water soluble: these vitamins are attracted to water so excess is lost in urine. these vitamins are C and the B complex
fat soluble: these are attracted to fats and incluse vit. A, D, E, and K.
what do minerals do?
they act as catalysts for biochemical reactions.
what are the two classifications of minerals? define and list minerals in each catagory
Macro: need >100mg/day (Na, K, Cl, Mg, P, Ca, S)
Micro: need <100mg/day (Zinc, Fe)
what is the recommended amount of Ca?
what aids or inhibits the absorption of Ca?
Vit. C and D are needed for absorption
phospherous interfears with it
what % of one's total Kcals should come from Carbs (simple vs complex)? How many servings is that?
what is the recommended amount os protein/day by age? (% total Kcals?)
age 0-6 months: 2.2g/kg/day
(12-20% of total)
what % of one's total Kcals should come from fats (saturated vs unsaturated)?
no more than 30% total
10% or less saturated
how much fiber is recommended per day by age?
1-18: age + 5mg/day
adult ~ 25g/day
ow many servings of fruits/veggies are recommended per day?
by what age does a childs weight double? triple?
double by 4-5 months
triple by 1 year
what is the minimum recommended time to breast feed?
the first year of life
at what age is it appropriate to introduce cow's milk? why?
after the first year because it has a high Na content and proteins that are too big for an infant's GI tract
what type of cows milk should be given to babies? why? for how long?
whole milk because it has linolenic acid needed for myelun sheath formation. should be given until age 2
what qualifies as obesity?
being over 30% overweight
what % of kids and adults in america are overweight?
25% of kids
~ 30% of adults are seriously overweight
what is arthropomerty? what does it measure?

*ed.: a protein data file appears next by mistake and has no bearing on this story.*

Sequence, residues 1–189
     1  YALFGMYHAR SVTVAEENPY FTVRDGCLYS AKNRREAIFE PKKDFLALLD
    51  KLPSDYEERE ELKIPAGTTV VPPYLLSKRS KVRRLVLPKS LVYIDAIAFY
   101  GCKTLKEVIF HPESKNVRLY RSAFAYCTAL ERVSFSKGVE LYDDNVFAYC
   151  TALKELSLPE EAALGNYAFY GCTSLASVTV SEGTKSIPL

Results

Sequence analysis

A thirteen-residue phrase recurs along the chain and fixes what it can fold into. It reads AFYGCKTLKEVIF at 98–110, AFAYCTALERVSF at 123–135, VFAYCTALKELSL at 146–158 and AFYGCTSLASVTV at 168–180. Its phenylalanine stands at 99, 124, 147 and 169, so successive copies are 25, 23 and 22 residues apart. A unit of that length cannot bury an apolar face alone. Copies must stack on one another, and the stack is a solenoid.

it is a system of measurement that aids in identifying nutrition problems by measuring:
mid arm circumference
what is MAC? what does it determine?
mid arm circumference
determines muscle wasting
what BMI indicates overweight, underweight, or obesity?
underweight - <18.5
overweight - 25-30
obeasity - >30
what is the easy formula to determine a BMI?
Lb. x 700
what are two shortcomings of a BMI?
it fails to show what % is fat and where it is located
what is the second greatest age for growth?
describe the effect of aging on metabolism and nutritional need
metaolism slows, energy and caloric need are reduced. however, there is increased need for protein in order to maintain tissues
what are the most important things to assess when evaluating nutrition in a patient?
fast weight loss or gain
mouth due to fast growing cells
eyes are pale if anemic
edema loss of albumin causes reduced osmotic pressure
what re some key values for an albumin test?
normal = 3.5-5.0 g/dl
mild depletion = 3.0-3.5 g/dl
moderate depletion = 2.5-3.0 g/dl
how long do abnormal albumin results take to show?
about 2 weeks
what test is the gold standard for chronic malnutrition?
what test is the gold standard for acute malnutrition?
what is the normal value for a pre albumin test?
what is the normal value for a transferrin test?
what does transferrin do?
transfers iron from the intestines to the blood
what spacific deficiency does a transferrin test check for?
what does a total iron binding capacity test measure?
transferrin available to bind more iron
what is the normal value for a total iron binding capacity test?
what is the normal value for a hemoglobin test?
what are normal BUN values by age?
adult = 10-20mg/dl
child = 5-18mg/dl
infants = 3-12mg/dl
what does a BUN test for?
it monitors the nitrogen balance
what can cause a BUN to give a false result?
dehydration, liver disease, or renal disease can cause a falsly high BUN